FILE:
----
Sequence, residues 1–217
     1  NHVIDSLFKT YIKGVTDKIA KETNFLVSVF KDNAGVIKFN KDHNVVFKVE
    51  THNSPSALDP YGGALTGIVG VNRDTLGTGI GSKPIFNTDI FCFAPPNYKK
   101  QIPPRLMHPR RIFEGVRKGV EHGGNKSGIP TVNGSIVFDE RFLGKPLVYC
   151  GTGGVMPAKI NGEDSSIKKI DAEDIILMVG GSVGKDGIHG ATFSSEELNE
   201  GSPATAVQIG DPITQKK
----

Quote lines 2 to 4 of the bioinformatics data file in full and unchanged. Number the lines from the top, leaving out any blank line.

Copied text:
     1  NHVIDSLFKT YIKGVTDKIA KETNFLVSVF KDNAGVIKFN KDHNVVFKVE
    51  THNSPSALDP YGGALTGIVG VNRDTLGTGI GSKPIFNTDI FCFAPPNYKK
   101  QIPPRLMHPR RIFEGVRKGV EHGGNKSGIP TVNGSIVFDE RFLGKPLVYC